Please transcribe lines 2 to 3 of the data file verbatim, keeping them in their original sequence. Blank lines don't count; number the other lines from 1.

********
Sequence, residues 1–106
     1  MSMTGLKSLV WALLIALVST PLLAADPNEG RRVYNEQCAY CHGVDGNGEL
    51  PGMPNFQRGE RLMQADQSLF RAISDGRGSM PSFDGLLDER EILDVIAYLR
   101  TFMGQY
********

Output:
     1  MSMTGLKSLV WALLIALVST PLLAADPNEG RRVYNEQCAY CHGVDGNGEL
    51  PGMPNFQRGE RLMQADQSLF RAISDGRGSM PSFDGLLDER EILDVIAYLR